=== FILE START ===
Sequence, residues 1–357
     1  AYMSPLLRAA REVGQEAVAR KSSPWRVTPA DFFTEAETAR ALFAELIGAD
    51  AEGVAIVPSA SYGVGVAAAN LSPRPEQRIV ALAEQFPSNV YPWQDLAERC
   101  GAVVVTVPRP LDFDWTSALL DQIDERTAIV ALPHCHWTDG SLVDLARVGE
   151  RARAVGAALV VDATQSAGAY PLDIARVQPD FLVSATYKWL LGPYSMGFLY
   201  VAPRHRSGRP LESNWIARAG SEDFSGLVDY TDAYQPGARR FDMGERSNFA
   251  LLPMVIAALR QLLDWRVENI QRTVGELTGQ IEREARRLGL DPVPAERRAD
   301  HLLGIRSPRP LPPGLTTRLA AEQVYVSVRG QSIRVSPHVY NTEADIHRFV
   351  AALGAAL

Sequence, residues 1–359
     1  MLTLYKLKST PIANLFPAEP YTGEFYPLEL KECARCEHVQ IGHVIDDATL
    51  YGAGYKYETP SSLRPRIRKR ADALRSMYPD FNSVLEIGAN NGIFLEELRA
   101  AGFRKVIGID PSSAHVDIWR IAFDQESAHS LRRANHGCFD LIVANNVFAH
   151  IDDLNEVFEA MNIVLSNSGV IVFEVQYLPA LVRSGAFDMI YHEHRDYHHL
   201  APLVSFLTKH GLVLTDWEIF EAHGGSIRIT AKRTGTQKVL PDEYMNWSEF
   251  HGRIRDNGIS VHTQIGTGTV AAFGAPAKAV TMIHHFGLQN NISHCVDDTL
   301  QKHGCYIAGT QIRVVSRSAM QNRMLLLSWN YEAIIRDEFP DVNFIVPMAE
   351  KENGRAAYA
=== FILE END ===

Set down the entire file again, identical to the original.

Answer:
Sequence, residues 1–357
     1  AYMSPLLRAA REVGQEAVAR KSSPWRVTPA DFFTEAETAR ALFAELIGAD
    51  AEGVAIVPSA SYGVGVAAAN LSPRPEQRIV ALAEQFPSNV YPWQDLAERC
   101  GAVVVTVPRP LDFDWTSALL DQIDERTAIV ALPHCHWTDG SLVDLARVGE
   151  RARAVGAALV VDATQSAGAY PLDIARVQPD FLVSATYKWL LGPYSMGFLY
   201  VAPRHRSGRP LESNWIARAG SEDFSGLVDY TDAYQPGARR FDMGERSNFA
   251  LLPMVIAALR QLLDWRVENI QRTVGELTGQ IEREARRLGL DPVPAERRAD
   301  HLLGIRSPRP LPPGLTTRLA AEQVYVSVRG QSIRVSPHVY NTEADIHRFV
   351  AALGAAL

Sequence, residues 1–359
     1  MLTLYKLKST PIANLFPAEP YTGEFYPLEL KECARCEHVQ IGHVIDDATL
    51  YGAGYKYETP SSLRPRIRKR ADALRSMYPD FNSVLEIGAN NGIFLEELRA
   101  AGFRKVIGID PSSAHVDIWR IAFDQESAHS LRRANHGCFD LIVANNVFAH
   151  IDDLNEVFEA MNIVLSNSGV IVFEVQYLPA LVRSGAFDMI YHEHRDYHHL
   201  APLVSFLTKH GLVLTDWEIF EAHGGSIRIT AKRTGTQKVL PDEYMNWSEF
   251  HGRIRDNGIS VHTQIGTGTV AAFGAPAKAV TMIHHFGLQN NISHCVDDTL
   301  QKHGCYIAGT QIRVVSRSAM QNRMLLLSWN YEAIIRDEFP DVNFIVPMAE
   351  KENGRAAYA